Their exchange reminded me that people have a tendency to hide extraordinary things about themselves, even events that cry out for compassion. I have heard the issue expressed in my memoir workshops, where writers express fear and uncertainty about how much of their lives to reveal. To direct the audience’s attention back to their own writing, I said, “We often think we must keep our secrets hidden in order to be accepted, but in fact, the secrets themselves keep us separated. Memoir writing lets us explore and share these parts of ourselves. When hidden material is told in a story, it takes on a universal quality that we can all relate to.”
My other cousin spoke up. “It’s true. We always had secrets. My mother wouldn’t tell any of her friends when I was divorced. No one wanted to talk about that back then.”
I responded, “Times are changing, and memoirs are helping break down these barriers. Jeannette Walls, author of the bestseller “Glass Castle,” said that before she wrote her memoir, she was deeply ashamed of her poor, chaotic childhood. Now, thanks to her book and others like it, we are sharing many things that once were hidden.”
At the end of the meeting, people gathered around to thank us. I love these moments after a talk when people pour back some of the energy that I poured out. I looked at Bob and smiled. If we had been forty years younger, we would have given each other high fives. As we said goodbye, Robert and I promised to do it again. “We can call ourselves the Two Waxlers,” I said, “and give talks about how memoirs matter.” “Yes, a road tour,” he said. “Let’s do it.”
I realized how comfortable I was with all these people, a comfort level that for most of my life had been entirely foreign to me. For decades, I felt distant from my family. Now I was wondering how much of my distance was based on my secret. After I left my childhood neighborhood in Philadelphia to go out into the world, I decided that being part of a minority religion made me an outsider. Writing my memoir has given me more confidence to accept all these parts of myself. Letting go of my secrets feels like letting go of my walls.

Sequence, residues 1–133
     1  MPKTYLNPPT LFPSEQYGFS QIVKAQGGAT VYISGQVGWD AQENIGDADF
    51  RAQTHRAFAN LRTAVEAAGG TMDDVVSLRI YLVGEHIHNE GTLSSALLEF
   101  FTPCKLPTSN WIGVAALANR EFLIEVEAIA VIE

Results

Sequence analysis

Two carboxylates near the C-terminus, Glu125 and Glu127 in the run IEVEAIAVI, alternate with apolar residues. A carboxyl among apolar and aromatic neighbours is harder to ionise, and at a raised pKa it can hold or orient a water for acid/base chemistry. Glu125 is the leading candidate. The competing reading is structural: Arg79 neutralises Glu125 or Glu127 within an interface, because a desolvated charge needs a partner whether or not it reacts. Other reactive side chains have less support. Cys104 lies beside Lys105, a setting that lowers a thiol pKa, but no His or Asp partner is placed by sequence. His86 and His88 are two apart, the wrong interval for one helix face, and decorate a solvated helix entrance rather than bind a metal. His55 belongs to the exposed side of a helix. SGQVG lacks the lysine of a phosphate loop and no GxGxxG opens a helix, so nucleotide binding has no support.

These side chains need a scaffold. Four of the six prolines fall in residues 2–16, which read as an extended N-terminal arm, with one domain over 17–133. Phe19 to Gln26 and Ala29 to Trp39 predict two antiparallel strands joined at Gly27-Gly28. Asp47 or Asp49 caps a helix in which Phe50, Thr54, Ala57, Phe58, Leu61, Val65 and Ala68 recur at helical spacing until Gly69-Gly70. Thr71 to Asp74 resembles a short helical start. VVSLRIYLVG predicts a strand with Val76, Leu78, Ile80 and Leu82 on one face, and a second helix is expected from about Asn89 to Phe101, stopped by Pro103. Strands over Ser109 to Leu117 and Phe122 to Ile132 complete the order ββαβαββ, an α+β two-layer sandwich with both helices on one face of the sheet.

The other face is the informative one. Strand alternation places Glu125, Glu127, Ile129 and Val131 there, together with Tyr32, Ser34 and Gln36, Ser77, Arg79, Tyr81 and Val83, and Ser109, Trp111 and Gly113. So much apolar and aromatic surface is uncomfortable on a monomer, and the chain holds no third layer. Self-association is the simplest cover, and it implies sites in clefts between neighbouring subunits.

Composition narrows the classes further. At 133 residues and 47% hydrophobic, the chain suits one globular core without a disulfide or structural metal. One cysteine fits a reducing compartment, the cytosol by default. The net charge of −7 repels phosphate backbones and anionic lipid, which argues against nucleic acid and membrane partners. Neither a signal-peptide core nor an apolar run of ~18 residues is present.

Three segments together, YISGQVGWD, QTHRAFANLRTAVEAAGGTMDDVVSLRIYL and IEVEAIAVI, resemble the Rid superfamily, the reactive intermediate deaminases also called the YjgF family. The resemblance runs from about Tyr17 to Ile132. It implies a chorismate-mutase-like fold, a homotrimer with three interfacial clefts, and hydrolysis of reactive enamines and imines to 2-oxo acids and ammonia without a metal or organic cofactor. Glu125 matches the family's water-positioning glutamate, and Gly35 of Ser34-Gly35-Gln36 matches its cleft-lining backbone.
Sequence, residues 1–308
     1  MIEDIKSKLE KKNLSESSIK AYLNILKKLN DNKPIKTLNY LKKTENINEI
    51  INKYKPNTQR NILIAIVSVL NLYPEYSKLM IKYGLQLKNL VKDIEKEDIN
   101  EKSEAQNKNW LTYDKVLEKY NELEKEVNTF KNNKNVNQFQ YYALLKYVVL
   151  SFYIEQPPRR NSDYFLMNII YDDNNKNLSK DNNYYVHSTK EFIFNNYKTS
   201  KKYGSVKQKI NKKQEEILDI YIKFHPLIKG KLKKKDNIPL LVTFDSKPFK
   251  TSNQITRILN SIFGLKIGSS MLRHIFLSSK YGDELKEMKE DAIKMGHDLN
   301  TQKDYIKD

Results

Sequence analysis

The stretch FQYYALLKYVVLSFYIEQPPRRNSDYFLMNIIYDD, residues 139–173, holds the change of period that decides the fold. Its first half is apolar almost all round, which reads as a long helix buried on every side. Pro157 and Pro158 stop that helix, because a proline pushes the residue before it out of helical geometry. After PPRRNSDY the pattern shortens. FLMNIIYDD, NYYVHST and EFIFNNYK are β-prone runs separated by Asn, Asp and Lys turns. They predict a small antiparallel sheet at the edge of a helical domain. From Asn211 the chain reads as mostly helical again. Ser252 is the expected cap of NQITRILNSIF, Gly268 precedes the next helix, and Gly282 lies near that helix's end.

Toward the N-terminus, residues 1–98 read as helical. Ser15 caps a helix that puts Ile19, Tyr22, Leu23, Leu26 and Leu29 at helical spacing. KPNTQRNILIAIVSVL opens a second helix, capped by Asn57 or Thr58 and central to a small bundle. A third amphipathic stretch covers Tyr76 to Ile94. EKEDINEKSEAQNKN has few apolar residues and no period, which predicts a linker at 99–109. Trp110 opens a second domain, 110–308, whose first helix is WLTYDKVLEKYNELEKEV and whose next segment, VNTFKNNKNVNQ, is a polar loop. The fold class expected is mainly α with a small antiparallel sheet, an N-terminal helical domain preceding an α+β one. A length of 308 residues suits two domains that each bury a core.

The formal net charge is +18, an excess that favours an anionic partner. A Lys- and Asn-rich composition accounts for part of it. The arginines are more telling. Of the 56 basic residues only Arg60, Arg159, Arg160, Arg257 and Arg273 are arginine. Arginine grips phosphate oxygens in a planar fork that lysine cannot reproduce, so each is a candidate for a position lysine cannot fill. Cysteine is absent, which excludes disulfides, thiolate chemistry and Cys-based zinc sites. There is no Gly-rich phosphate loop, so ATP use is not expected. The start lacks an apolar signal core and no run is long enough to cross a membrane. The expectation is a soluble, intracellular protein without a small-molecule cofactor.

As I walked across the parking lot to my car, I thought about my mom’s image of a God who tries to let us know He is there, without really letting us know. I wondered how clever He might be feeling right now, arranging things so that an English professor and his wife could learn hard lessons about life, and then write and speak about what they learned to help other people get in touch with their own secrets. When I give memoir workshops, my focus in on helping other people learn about their own lives, but today I felt the guilty pleasure of having learned something about my own.
To read an essay I wrote about Robert Waxler’s memoir “Courage to Walk” click here.
To read an essay about “Losing Jonathan,” click here.
To read an interview with Robert Waxler about his memoirs, click here.
More memoir writing resources
To see brief descriptions and links to all the essays on Memory Writers Network, click here.
To order my step-by-step how-to guide to write your memoir, click here.